|Document Type:||Journal Article|
|Title:||Energy Content of Pacific Salmon as Prey of Northern and Southern Resident Killer Whales|
|Author:||Sandra Marie O'Neill, Gina Marie Ylitalo, James E. West|
|Journal:||Endangered Species Research|
|Keywords:||energetics,Pacific salmon,killer whales,|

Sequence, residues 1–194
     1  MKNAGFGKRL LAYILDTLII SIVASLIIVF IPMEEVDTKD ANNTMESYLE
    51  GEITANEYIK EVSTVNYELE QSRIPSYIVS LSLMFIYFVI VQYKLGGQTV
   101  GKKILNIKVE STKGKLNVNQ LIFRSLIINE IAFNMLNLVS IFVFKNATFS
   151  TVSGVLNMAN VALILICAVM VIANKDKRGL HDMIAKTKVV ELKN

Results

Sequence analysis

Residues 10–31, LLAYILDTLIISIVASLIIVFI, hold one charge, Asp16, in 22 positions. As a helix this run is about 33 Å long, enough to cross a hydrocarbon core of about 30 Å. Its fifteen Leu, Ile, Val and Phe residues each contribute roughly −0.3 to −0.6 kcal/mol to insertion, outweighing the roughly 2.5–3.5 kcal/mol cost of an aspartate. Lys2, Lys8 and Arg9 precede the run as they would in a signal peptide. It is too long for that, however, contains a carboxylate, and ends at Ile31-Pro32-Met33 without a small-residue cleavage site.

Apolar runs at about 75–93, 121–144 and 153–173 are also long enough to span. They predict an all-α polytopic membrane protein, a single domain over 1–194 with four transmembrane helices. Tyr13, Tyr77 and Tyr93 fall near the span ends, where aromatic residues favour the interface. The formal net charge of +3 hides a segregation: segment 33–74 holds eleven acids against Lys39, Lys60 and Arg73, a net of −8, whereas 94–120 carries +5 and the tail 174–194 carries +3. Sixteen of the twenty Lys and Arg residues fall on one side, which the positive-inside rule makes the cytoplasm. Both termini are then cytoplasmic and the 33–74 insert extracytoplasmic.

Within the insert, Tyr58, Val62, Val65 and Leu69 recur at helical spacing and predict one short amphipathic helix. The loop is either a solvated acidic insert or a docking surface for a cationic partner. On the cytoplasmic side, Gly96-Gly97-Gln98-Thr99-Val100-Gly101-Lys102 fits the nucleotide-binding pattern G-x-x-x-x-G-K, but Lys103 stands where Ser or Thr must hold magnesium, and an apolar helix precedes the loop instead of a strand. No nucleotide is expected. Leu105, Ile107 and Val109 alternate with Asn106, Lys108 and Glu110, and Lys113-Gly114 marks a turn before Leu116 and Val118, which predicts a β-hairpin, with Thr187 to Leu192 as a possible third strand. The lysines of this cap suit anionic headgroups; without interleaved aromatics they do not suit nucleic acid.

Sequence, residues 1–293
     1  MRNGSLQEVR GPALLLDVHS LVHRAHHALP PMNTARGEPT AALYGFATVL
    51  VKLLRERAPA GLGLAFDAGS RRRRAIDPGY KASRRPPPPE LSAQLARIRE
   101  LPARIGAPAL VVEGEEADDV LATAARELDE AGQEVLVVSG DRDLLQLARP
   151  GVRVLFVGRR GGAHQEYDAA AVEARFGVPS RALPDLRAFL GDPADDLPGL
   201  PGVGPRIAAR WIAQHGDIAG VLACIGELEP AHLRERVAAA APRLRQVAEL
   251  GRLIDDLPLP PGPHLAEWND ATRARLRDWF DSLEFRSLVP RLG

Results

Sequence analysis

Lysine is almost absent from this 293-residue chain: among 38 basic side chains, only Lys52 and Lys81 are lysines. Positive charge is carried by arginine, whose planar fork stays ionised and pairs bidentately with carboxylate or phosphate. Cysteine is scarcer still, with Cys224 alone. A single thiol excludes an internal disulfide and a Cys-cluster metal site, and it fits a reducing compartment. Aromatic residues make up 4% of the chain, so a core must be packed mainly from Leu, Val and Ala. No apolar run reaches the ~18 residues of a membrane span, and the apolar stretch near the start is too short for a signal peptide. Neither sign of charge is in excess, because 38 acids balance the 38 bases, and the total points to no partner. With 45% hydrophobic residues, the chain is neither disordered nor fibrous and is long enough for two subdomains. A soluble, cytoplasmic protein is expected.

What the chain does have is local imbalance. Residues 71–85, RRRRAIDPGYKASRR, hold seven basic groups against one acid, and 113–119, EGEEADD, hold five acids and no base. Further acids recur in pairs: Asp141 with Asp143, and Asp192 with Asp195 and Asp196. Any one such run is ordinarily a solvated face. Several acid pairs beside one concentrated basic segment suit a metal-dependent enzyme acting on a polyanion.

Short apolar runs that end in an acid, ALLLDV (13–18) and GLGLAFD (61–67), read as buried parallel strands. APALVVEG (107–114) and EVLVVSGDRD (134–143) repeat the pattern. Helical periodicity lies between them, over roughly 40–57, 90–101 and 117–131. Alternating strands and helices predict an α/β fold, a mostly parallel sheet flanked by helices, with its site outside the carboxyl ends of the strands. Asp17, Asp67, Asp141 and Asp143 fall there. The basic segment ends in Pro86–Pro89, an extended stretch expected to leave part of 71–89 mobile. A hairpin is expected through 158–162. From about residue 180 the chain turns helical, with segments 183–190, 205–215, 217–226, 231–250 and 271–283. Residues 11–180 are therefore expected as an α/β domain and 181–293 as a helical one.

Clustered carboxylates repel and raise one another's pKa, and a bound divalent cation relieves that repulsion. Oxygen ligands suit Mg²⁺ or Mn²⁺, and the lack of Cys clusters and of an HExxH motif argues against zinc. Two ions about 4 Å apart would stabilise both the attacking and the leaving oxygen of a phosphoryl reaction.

Recovery of depleted species is difficult but it can be especially complex when they interact strongly with other depleted species. Such is the case for northern and southern resident killer whales, Orcinus orca, listed as Endangered under the U.S. Endangered Species Act (ESA) and Canada’s Species at Risk Act. These resident killer whale populations prey heavily on Pacific salmon, Oncorhynchus spp., including several Evolutionarily Significant Units also listed under the ESA. In response to concerns that a depleted prey base may affect killer whale recovery, we analyzed proximate composition and calculated caloric content of Pacific salmon to evaluate the importance of salmon species, population, body-size, and lipid levels in determining their energy content as prey for killer whales. We sampled all five species of Pacific salmon but emphasized Chinook salmon, a preferred prey of killer whales. Energy density (Kcal· kg-1) was highly correlated with lipid content whereas total energy value (Kcal· fish-1) was determined primarily by fish mass and secondarily by lipid content. To facilitate application of these results to the co-management of salmon and killer whales, we produced a simple relationship that uses fish length to predict total energy of Chinook salmon as prey where population-specific energy densities and fish masses are lacking. Benefits to killer whales from possible salmon fishery closures or other activities that affect prey availability, will depend on the salmon species and populations involved.